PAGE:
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Constructive Criticism Part 2 – How to Embrace it

Filed in Blog by Tracey Davison on 771 - 0 Comments

giving and receiving feedback - Leadership Blog

In last week’s blog post ‘Constructive Criticism – How do you take it?‘ I explored the three common responses to constructive criticism  This week we look deeper into the process of giving and receiving feedback by looking at how we can help those who take criticism very personally and consequently find it difficult to gain any benefit from it (Positive Rejectors) to learn to use it to further their own development and performance.
Recently I posted a blog on the topic of praise, in it I discussed the evidence that supports the fact that children who are praised for their results, rather than their efforts are:

  • less likely to take risks (because they might fail and failure must not happen),
  • require constant reassurance and
  • find criticism very hard to take.

We see these characteristics in in Positive Rejectors and, since a large number of us grew up being praised for our actual achievements rather than our effort, we might easily conclude that this may be at the root of many Positive Rejectors difficulty in taking criticism.

The workforce generation out there now is made up predominantly of people who attended schools where exam results were the only measure of how effective/intelligent/good you were.  When we consider this, it is no wonder that people have such a black and white view.  High scores or grades equal intelligence, effectiveness and ability, whilst low scores or grades equal stupidity, ineffectiveness and inability.

In addition to failure, Positive Rejectors commonly feel defeated and helpless when presented with constructive criticism.  Their perception is that their position in the team and organisation is at threat because they are powerless to change the situation.

For leaders trying to come to grips with giving and receiving feedback and needing to give constructive criticism to a Positive Rejector, consider the following:

  • Do use positive reinforcement, but don’t go overboard.  In order that Positive Rejectors should not feel like they’ve completely failed or been defeated, it is important to provide them with some positive feedback regarding the things they’re doing well.  However, going overboard with your praise of the good stuff in the hope that it will somehow soften the blow can merely minimise the importance of the constructive criticism, giving the Positive Rejector the perfect opportunity to justify not addressing it.
  • Do not be overly detailed.  You need to provide enough information for the recipient to understand the issue, but going into too much detail will make the Positive Rejector feel as though you’re pulling apart everything they do.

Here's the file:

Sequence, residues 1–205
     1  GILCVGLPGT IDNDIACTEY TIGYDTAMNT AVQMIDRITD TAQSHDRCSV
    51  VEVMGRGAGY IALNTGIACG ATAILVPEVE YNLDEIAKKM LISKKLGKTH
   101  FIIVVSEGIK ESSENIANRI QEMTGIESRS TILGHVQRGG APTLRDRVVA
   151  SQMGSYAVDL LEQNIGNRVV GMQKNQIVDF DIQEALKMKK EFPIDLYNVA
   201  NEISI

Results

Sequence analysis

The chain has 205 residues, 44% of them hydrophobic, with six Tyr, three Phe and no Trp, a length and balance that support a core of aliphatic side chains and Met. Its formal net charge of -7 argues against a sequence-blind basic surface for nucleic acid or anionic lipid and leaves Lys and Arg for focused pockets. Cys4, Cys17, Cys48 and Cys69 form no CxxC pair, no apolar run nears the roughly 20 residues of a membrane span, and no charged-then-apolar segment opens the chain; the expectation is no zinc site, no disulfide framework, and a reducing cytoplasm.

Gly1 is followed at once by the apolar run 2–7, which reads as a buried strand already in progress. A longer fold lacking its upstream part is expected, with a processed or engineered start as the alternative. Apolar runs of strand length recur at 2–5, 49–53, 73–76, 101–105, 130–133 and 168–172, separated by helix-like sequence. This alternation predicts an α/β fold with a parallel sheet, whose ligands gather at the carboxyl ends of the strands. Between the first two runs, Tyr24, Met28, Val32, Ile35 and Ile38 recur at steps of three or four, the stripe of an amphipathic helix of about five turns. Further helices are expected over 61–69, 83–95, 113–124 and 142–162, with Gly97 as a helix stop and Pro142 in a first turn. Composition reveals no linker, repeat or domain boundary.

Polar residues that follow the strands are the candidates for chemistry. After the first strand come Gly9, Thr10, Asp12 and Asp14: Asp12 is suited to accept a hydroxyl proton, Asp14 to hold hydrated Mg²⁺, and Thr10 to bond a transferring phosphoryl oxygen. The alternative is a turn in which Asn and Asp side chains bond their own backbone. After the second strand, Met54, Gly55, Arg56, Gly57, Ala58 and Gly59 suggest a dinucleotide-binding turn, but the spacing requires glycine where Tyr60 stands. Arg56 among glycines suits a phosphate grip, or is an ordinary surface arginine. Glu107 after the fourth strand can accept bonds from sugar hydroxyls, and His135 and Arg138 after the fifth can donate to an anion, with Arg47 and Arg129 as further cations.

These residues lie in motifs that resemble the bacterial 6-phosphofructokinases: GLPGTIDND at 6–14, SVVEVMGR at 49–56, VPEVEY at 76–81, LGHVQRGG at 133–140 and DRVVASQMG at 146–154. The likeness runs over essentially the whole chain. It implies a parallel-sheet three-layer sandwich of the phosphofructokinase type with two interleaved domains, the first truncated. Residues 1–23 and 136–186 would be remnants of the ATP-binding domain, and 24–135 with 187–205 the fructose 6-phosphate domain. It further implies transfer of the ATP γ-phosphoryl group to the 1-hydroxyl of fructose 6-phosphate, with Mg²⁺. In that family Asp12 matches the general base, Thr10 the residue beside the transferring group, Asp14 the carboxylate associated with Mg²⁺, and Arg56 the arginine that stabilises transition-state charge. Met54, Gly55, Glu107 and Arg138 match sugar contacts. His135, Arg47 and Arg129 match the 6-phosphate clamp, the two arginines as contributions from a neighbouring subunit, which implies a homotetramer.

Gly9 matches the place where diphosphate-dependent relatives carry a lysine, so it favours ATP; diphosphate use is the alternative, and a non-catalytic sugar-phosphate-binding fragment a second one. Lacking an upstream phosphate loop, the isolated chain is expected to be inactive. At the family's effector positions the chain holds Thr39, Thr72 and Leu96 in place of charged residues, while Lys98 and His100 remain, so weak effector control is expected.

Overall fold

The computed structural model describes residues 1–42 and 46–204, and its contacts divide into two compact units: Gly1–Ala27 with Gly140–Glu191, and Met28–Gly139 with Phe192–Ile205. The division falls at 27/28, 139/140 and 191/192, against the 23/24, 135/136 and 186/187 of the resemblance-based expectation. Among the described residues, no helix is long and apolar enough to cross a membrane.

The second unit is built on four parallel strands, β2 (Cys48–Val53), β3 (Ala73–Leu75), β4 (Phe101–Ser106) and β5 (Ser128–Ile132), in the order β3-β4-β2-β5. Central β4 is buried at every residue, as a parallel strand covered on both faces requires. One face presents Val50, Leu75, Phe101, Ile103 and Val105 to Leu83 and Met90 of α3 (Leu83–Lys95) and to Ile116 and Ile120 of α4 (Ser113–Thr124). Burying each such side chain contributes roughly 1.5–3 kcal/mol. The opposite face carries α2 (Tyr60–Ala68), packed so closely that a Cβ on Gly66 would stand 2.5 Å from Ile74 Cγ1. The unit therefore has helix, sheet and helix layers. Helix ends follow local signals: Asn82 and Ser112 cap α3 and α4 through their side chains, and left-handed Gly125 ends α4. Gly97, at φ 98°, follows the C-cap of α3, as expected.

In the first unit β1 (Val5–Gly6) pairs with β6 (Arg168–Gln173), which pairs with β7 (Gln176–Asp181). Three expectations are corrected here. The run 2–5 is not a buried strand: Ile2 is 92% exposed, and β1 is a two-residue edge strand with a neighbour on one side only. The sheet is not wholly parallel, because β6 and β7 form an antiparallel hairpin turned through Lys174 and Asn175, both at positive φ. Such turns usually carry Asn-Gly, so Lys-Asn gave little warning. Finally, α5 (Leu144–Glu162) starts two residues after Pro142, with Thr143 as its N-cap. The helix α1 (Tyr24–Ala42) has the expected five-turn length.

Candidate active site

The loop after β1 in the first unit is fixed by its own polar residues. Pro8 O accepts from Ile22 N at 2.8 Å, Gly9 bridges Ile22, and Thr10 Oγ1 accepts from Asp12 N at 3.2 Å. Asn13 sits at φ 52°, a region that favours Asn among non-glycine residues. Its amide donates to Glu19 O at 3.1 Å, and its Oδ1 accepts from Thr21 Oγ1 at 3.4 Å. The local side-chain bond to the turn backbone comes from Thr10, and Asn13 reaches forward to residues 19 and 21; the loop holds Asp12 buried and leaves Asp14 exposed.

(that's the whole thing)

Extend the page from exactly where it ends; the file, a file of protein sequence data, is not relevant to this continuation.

• Do not be too assertive.  This approach will send Positive Rejectors immediately into defence mode.  Somebody who feels threatened will defend and deflect, rather than be open-minded.
  • Do make it about the behaviour, rather than the person.  This makes the criticism less ‘personal’ and therefore increases the chance of a positive reaction.
  • Do invite questions.  A Positive Rejector is far more likely to take on board criticism if they’ve been able to identify their own shortcomings, rather than being told them.  Coaching can be used to help this process, as it greatly enhances self-awareness.  Questions such as “How do you feel things are going?” can be very useful.
  • Do empower a Positive Rejector.  In order to reduce feelings of defeat and helplessness, a  Positive Rejector needs to feel that they are able to actually do something about the situation.  Make sure you have thought this through prior to the meeting and use language that suggests this.
  • Do talk to your team about feedback.  Ask your team how they feel when being given feedback and constructive criticism.  You’ll find that people are much better at admitting they find criticism difficult to take when they’re not actually in the process of receiving it.  Make it clear that you understand this process can be difficult, but that for individuals and teams to develop and improve we must look for ways in which we can get better.

In conclusion, if you’re a leader giving constructive criticism consider whether you are talking to an Embracer or Rejector.  Adjust your style accordingly and be prepared for a Positive Rejector to initially be defensive.   If you’re a Positive Rejector receiving constructive criticism be open minded and prepared to embrace the comments.  Remember that it really isn’t a personal attack, but an excellent opportunity for self-improvement.

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